I personally have trouble believing that the Antietam, which ain't that big a body of water, would generate so much mist that no one could "see" Lee's defensive positions. Unless someone can dig up several diary entries that allude to this, call me skeptical.

s.c.

Steve Clements
Toronto, ON, Canada
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Re: Lee
Posted on: 4/2/2017 3:49:38 PM

Quote:
I'm enjoying reading the debate and discussion over several strong cups of tea!

Keep it up, chaps.


I read Phil's posts last night, while watching the semi's of the Final Four, and doing some serious damage to a Xmas present (a bottle of very nice sipping tequila), on ice.

s.c.

Phil andrade
London, UK
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Re: Lee
Posted on: 4/2/2017 5:27:05 PM
Steve,

Thanks for your comprehensive and cogent responses to my rather breathless and disjointed narrative.

You will appreciate that I have been so uplifted and excited by the experience : a star struck school kid wouldn't be far from the mark as a description !

The two guys were not only eloquent and persuasive speakers : they were also charming and indulgent people to talk to.

I fear that I've failed to remember important things ; I hope that I've given the sense of enough of it to make a plausible impression.

Clemens is implying that Stanton might well have actively sabotaged McClellan. It's pretty appalling stuff to contemplate.

There will be time for me to reflect and I'm certain that things will get clearer ; then perhaps I'll remember more.

I think that my attempt to remember the contents of the lectures without taking notes is more arrogant than Lee's defiant offer of battle at Antietam !

In the meantime, I'd better do justice to Peter Cozzens's renditions of Stones River.

They were also compelling and made a terrific impression. They did not impart the same contrarian impression as Clemens did ; but, perhaps, that is something that is more reassuring.....there's too much currency in the business of contrarianism.

I had not realised how the Stones River battlefield was so suffused with limestone crags and dismal cedar thickets...it was almost grotesque.

Tom Clemens gave us some wonderful vignettes of how the Antietam battlefield has been restored by devotees of the history .

All very encouraging.

Must give some thought to Murfreesboro .

Regards , Phil
---------------
"Egad, sir, I do not know whether you will die on the gallows or of the pox!"

"That will depend, my Lord, on whether I embrace your principles or your mistress."

Earl of Sandwich and John Wilkes

Phil andrade
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Re: Lee
Posted on: 4/3/2017 3:15:24 AM
Re : Stones River , Peter Cozzens is immensely buoyed up by the success of his new book THE EARTH IS WEEPING.

He is understandably proud and delighted, and his depiction of Stones River was a bit of a trip down Memory Lane for him, because he wrote his book on the battle, NO BETTER PLACE TO DIE, in the 1990s when he was a serving Captain.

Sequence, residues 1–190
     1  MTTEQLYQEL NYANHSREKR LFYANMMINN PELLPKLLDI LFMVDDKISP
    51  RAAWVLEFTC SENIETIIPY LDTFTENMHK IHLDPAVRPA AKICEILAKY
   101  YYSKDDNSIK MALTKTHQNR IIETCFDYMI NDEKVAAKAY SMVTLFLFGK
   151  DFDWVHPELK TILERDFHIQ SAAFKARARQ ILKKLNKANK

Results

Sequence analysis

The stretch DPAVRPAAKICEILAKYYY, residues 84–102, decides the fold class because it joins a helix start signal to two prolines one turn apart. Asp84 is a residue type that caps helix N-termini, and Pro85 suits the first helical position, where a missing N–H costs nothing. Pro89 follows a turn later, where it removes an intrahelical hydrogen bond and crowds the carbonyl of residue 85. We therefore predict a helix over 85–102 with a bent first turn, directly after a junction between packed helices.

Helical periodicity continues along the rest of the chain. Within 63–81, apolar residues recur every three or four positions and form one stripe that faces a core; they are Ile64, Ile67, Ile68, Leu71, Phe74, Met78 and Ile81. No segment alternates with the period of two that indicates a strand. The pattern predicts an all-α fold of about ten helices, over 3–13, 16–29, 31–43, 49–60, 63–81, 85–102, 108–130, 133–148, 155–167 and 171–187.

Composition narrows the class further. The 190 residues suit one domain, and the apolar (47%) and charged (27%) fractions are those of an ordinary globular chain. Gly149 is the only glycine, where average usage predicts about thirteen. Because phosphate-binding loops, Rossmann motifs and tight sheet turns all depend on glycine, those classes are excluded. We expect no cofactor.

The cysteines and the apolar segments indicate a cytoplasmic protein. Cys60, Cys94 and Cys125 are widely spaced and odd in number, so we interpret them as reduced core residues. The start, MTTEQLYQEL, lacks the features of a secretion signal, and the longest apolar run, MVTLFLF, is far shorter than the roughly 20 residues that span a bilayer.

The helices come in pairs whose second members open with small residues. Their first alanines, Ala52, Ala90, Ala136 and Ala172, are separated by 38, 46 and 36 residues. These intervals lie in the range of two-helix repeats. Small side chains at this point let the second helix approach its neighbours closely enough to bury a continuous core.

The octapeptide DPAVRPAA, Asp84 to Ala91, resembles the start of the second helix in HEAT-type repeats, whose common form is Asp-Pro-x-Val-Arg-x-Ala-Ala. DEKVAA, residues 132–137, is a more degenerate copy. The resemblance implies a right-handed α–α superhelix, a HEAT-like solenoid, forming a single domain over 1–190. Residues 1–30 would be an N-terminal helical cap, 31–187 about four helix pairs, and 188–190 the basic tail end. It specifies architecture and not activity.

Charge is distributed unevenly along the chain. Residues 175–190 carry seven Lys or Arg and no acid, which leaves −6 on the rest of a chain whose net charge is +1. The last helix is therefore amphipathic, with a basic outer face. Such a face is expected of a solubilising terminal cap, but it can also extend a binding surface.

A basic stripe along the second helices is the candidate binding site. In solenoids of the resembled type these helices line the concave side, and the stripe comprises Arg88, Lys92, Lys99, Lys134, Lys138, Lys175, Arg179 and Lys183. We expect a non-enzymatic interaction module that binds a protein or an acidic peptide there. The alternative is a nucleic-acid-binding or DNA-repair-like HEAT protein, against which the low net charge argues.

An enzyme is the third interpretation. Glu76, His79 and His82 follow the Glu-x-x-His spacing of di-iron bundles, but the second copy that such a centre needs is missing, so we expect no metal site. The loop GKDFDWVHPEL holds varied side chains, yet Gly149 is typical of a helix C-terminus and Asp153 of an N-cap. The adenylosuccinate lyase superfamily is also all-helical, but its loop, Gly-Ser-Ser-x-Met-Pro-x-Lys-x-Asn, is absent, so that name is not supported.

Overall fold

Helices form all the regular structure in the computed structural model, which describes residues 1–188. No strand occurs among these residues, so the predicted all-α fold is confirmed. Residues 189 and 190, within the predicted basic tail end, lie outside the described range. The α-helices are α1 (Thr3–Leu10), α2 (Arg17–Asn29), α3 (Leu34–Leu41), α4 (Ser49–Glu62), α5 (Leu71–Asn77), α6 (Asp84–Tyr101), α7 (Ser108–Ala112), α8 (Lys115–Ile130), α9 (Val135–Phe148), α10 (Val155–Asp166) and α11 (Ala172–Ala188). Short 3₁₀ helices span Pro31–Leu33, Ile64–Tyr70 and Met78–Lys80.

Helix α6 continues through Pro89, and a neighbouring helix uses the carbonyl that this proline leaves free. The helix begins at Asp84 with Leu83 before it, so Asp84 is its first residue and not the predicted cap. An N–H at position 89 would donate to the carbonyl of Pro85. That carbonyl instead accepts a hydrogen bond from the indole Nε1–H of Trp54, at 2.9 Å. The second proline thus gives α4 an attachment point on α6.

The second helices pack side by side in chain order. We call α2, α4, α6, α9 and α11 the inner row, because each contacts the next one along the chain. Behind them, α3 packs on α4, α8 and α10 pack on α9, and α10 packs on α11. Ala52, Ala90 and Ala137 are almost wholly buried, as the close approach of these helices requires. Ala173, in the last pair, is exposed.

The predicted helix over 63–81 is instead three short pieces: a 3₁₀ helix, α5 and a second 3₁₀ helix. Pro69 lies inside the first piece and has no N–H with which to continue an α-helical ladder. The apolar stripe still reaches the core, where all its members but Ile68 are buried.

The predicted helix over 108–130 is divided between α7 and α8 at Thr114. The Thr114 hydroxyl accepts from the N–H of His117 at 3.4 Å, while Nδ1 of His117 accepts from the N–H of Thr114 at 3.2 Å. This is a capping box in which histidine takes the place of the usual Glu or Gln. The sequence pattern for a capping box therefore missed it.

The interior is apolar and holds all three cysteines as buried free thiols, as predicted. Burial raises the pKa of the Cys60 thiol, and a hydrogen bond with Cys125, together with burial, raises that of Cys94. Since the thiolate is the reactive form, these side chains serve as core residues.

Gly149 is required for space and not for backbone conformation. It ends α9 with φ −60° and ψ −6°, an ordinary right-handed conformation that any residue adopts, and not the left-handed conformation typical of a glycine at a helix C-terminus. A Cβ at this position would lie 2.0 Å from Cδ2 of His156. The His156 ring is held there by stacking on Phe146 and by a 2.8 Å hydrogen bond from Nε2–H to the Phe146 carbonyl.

He has embarked on his own " contrarian " venture with a sympathetic approach to John Pope : he gave us a few enticing hints and implications about some forthcoming work.

As far as Murfreesboro is concerned, he depicted Rosecrans as able, courageous but prone to bouts of frenzied activity on the battlefield, which stemmed from some kind of hyper mania .

Bragg was lambasted, as usual.

I was virtually a lone voice in the audience, reminding the listeners of Joe Johnston's letter to Senator Wigfall, in which he emphasised how Bragg had been uniquely successful in inflicting disproportionate damage on the enemy in a short time at Murfreesboro.

Cozzens dismissed that - graciously - quipping that at that juncture Johnston would have been only too pleased to praise Bragg in order to escape the poison chalice of commanding the AOT !

He did, however, credit Bragg with organisational ability and even admitted that his plan for the battle was a good one.

Execution went awry.

Cheatham was drunk, and Breckinridge hated Bragg...the same old story of the toxic relationships. I also reminded folks present that this was not confined to the rebels : the fatal duel between Nelson and Davis showed the Yankees had their problems, too. What was it about this Western theatre that allowed such things to flourish ?

I do think that Johnston had a point. The casualties suffered by the Federals at Stones River were immense, and shocking in relative as well as absolute terms.

Was Bragg right to attack before his men had breakfast in that dismal, cold environment ? The sudden collapse of Cleburne's division after such striking initial success attests to exhaustion that ensued after too much had been asked of men without proper sustenance.

OTOH, the rebel success and the resulting Yankee losses were in large measure attributable to them being caught with their pants down while they were having that breakfast.

I believe that Bragg's organisational ability was apparent in much better survival rates among his wounded. The number of Confederates wounded at Shiloh and Stones River were nearly identical - 8,012 and 7,945 respectively : I suspect that the mortality rate had been reduced significantly after Murfreesboro.